According to many real estate experts, the Canadian housing market is expected to stabilize in 2011 returning to more normal long-term growth patterns after a decade-long bull run.
The housing sector has avoided two extreme bubble-and-crash scenarios over the past three years when resale prices dropped sharply in 2008, then quickly rebounded as low mortgage rates and lower prices supported the turnaround.
Record low interest rates fuelled a home buying spree in 2009 that helped pull the Canadian economy out of recession and pushed home sales back to record levels. The market cooled rapidly over the summer of 2010 as the Bank of Canada began hiking interest rates, though recent data have indicated the market may be stabilizing.
In 2011, interest rates are expected to hike further as the economy improves. While still at historical lows, any hike in interest rates have big effects on mortgage rates. If interest rates are raised too quickly, this will further dampen real estate prices. On the other hand, if the government decides to lower the rates once again, as unlikely as this may seem, then home sales might surge slightly.
Government and institutional lending policies will also affect real estate prices. As banks and governmental policies become increasingly strict, more people will be turned down for mortgages. At the very least these potential home buyers will need to choose from more modest homes if their mortgage is declined.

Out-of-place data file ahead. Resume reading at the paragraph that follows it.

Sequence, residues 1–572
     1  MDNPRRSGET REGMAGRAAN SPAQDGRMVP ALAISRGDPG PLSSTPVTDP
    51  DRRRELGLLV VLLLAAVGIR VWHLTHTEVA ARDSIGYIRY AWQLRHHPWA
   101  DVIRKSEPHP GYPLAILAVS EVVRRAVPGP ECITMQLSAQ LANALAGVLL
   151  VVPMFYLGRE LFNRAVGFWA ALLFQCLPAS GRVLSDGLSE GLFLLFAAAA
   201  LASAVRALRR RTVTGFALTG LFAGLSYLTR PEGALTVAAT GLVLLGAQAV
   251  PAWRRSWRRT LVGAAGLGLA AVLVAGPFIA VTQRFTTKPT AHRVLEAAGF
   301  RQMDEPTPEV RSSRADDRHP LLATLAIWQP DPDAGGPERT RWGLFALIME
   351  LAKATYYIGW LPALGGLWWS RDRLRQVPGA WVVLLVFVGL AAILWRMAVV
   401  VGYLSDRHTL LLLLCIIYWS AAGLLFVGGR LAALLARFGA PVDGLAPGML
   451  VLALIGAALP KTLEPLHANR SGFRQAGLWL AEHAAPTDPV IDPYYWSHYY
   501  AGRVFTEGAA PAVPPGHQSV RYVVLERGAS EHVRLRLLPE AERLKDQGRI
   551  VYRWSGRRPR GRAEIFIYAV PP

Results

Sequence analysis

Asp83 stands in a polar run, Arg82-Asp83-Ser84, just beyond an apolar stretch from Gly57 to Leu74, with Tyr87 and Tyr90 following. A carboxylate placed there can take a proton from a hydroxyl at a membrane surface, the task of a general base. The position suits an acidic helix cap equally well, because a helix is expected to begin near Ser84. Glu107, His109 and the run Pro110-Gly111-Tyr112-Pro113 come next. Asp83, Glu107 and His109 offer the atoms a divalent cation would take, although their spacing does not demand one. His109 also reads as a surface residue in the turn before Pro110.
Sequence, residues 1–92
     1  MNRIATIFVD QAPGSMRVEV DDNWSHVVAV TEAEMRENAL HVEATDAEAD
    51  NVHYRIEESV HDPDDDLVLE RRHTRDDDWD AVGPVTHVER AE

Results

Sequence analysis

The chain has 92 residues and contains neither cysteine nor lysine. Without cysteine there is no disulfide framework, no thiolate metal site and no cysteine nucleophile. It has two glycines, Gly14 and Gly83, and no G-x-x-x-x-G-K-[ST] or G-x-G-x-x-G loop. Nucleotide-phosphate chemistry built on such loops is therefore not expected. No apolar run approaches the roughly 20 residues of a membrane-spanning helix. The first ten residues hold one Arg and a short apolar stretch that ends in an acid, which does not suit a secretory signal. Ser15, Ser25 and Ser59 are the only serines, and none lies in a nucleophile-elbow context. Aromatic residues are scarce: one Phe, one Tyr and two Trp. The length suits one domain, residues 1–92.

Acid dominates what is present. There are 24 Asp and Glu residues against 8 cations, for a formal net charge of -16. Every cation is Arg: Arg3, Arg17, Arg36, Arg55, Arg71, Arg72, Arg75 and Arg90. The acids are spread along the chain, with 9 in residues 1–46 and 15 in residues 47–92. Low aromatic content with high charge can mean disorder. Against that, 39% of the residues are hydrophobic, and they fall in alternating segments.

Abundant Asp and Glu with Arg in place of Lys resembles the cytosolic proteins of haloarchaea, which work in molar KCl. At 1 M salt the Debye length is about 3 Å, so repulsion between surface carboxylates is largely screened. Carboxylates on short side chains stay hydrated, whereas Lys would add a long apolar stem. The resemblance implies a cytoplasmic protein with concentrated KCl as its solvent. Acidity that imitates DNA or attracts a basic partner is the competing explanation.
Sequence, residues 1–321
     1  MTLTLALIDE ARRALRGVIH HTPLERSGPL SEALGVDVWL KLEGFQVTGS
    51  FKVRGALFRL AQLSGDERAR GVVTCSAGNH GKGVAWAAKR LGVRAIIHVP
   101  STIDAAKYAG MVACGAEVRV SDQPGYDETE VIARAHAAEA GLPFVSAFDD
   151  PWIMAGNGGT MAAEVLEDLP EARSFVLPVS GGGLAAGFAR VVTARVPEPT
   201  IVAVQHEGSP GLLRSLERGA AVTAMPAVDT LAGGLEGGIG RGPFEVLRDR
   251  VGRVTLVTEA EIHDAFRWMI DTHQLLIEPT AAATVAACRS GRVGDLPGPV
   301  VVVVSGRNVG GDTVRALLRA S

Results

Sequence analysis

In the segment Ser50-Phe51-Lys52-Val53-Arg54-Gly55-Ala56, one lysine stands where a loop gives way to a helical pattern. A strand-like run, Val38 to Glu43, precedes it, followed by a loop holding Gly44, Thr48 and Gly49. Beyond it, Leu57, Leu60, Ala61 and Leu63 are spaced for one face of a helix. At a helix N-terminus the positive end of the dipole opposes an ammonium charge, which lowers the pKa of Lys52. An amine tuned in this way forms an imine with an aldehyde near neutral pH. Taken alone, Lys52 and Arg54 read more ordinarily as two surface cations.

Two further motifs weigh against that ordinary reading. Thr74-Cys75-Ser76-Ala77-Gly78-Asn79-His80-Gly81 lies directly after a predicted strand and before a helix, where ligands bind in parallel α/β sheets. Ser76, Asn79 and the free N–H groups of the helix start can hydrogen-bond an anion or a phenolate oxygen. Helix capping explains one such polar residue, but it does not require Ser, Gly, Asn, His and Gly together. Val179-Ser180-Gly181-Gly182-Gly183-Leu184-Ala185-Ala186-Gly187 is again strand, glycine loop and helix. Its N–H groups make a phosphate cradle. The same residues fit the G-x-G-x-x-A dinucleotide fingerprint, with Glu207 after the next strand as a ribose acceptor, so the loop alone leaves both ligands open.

In 2011, Canada will experience an overall decline of 0.9% in home prices. Not all provinces will feel the effects of fluctuating real estate prices equally. Some provinces will have a more profound move in housing prices than others.
While real estate prices might remain fairly stable, buying activity is expected to slow down significantly. The Canadian Real Estate Association expects a 7.3% decline in home sales. This means that homeowners in a panic to sell may have to drop their prices substantially in order to liquidate. Others may need to wait longer than in previous years to sell.
The drop-off in home sales comes from an anticipated slowing of economic growth along with a reduction in consumer spending. Less free floating capital means fewer large purchases. Ample inventory levels, steady demand, and moderate growth, both in terms of sales and prices, will characterize the market in 2011.
Is it a Good Time to Buy a Home in Canada?
Timing the market perfectly is a difficult task. Often it is easier to look at one’s income and decide if the stability of personal finances are adequate to acquire a house for the long term. If not, there is no shame in renting or leasing until circumstances permit such a purchase. But trying to perfectly time a house purchase with the market is like trying to buy a stock at its lowest point before a rebound – very difficult indeed.
Copyright CREA reprinted with permission